By Governor Gary Johnson
From a built-in cushion of immovable, unelected "Super Delegates" to debates scheduled when no one was watching to the now clearly-documented collusion between the Democratic National Committee and the Clinton campaign, the system was rigged to squash any rebellion against the Democratic Establishment.
Bernie is a disrupter. The system doesn't like disrupters because disruption threatens the fruits of cronyism. He couldn't be bought. He couldn't even be rented. He offered a voice for the Millennials who are an inconvenience for the special interests who have, for too long, controlled Washington DC. He became a symbol for the rejection of business-as-usual.
That couldn't be tolerated by the political machine that sees Hillary Clinton as the ticket to continuing the tax breaks, subsidies, and deals that lie at the heart of the relationship between corporate America and both of the two so-called "major" parties. As for the Democratic National Committee, is it any shock that the party's leadership has been working hand-in-hand with the Clintons throughout the nomination process?
Let's be clear. I don't agree with Sen. Sanders on a lot of things. He tends to see government as the solution, and I tend to see government as the problem. He would have Washington DC spend more of our tax dollars, I would spend less. I see government today as a threat to freedom; he would have government grow and do more.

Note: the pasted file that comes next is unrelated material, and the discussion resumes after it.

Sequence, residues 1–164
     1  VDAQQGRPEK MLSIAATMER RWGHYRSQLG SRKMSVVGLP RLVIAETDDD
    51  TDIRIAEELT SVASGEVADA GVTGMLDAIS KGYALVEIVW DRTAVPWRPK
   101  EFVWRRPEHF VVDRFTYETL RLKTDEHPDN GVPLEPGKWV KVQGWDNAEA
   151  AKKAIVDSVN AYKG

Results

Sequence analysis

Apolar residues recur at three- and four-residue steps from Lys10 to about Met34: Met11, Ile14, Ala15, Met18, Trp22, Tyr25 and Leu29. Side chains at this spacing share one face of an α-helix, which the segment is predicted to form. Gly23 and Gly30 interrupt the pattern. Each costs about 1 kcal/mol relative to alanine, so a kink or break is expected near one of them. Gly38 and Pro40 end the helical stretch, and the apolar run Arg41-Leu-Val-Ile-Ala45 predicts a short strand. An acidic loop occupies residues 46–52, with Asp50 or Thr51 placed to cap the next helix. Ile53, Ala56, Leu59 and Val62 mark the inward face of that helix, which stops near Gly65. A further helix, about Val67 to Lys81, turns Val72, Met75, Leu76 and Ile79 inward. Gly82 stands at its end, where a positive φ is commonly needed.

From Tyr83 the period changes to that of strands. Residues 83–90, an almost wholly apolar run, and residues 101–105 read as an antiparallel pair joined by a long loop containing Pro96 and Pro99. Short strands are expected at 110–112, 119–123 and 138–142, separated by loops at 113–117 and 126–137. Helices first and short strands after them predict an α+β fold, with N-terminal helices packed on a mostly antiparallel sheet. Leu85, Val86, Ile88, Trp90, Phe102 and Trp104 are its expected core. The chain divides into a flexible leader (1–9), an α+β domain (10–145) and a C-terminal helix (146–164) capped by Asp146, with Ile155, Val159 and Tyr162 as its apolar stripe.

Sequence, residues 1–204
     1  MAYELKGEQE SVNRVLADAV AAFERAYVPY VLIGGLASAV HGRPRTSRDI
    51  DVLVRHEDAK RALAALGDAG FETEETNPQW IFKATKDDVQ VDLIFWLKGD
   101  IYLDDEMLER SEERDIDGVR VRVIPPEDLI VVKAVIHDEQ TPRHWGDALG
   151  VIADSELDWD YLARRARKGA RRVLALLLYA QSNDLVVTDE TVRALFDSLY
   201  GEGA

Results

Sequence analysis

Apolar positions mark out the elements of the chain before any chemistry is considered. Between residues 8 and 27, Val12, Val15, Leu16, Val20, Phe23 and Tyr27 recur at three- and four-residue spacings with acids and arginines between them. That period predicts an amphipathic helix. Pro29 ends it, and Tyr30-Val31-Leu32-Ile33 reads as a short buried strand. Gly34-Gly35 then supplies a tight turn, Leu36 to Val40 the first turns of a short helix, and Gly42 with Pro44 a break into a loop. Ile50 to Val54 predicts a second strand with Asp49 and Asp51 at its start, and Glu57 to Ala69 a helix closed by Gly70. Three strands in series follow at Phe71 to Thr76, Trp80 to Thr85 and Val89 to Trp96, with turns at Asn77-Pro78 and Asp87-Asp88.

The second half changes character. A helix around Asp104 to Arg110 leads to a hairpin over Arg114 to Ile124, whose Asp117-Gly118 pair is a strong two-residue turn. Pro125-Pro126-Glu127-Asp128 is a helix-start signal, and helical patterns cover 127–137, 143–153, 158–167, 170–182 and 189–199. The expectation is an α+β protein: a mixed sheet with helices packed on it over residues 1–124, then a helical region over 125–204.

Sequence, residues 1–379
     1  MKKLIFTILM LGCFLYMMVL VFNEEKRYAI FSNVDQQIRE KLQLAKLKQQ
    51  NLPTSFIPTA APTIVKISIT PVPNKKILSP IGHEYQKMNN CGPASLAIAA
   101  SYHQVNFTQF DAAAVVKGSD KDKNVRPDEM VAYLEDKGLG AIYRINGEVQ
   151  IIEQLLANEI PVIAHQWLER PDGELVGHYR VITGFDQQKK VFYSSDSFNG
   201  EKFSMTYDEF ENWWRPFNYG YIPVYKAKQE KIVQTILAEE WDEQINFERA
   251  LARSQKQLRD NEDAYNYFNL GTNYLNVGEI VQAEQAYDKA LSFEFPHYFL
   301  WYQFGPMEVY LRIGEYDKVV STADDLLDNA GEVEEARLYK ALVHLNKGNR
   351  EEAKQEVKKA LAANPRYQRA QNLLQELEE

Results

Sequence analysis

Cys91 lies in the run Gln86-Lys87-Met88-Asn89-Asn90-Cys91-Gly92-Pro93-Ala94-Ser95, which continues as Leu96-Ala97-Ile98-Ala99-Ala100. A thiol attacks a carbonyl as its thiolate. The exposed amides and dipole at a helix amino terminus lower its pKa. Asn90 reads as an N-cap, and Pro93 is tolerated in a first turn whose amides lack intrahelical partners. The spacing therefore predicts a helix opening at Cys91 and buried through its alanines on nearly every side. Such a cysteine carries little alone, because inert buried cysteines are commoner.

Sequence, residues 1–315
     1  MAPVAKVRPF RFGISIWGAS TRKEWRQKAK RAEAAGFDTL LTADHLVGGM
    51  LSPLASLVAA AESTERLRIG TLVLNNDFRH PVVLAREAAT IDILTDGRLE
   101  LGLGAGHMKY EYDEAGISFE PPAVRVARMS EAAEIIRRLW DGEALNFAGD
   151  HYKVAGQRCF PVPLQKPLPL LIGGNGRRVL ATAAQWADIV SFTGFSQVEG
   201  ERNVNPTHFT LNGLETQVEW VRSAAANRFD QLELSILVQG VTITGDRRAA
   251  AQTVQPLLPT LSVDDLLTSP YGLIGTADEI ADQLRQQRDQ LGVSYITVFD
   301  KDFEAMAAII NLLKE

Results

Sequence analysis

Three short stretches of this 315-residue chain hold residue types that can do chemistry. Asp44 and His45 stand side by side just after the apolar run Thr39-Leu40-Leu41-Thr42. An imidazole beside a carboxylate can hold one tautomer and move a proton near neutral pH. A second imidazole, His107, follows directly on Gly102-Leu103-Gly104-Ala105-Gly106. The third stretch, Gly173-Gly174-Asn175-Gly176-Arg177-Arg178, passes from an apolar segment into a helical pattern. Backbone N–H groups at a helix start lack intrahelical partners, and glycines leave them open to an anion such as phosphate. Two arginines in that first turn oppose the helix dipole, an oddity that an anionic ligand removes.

But when it comes to civil liberties, cronyism, mass surveillance, and ill-advised military interventions, Sen. Sanders and I are on the same page. Ms. Clinton? Not so much.
Sen. Sanders has largely opposed the same interventions and wars that have made us less safe, not more safe. Ms. Clinton helped preside over a foreign policy that has produced dangerous chaos in the Middle East and beyond. Sen. Sanders has been a vocal opponent of the growing surveillance state. Ms. Clinton was a key player in an Administration that not only tolerated mass surveillance, but expanded it. On civil liberties, drug policy and marriage equality, Ms. Clinton has hardly been a champion.
After all, those issues really aren't important to cronies.
At least once a day, I am asked about being a "spoiler". I can sympathize with Sen. Sanders. After all, he's a spoiler. He threatened to spoil the crony-driven system, and the system struck back. But as my running mate, Gov. Bill Weld famously asked a few weeks ago at the National Press Club: "What's to spoil?" A $20 trillion debt? Wars we shouldn't be fighting? Partisan gridlock? A tax code built almost entirely of corporate welfare and special interest benefits?
The leaks of recent days that document a coordinated campaign to keep Bernie Sanders from winning the nomination by Democratic Party leaders are disturbing. But they aren't surprising.
I've been there. I know what the two-party duopoly does when it is threatened. The question now for Bernie's millions of supporters is what to do now. Lick your wounds, stay home, keep fighting?
Senator Sanders has tapped into something very real in America; a substantial slice of the electorate who think some spoiling and disrupting is long overdue. The independents, Millennials and disenfranchised who make up that movement cannot be ignored, no matter how much the cronies want them to go away.
I have some ideas about where they might find some fellow disrupters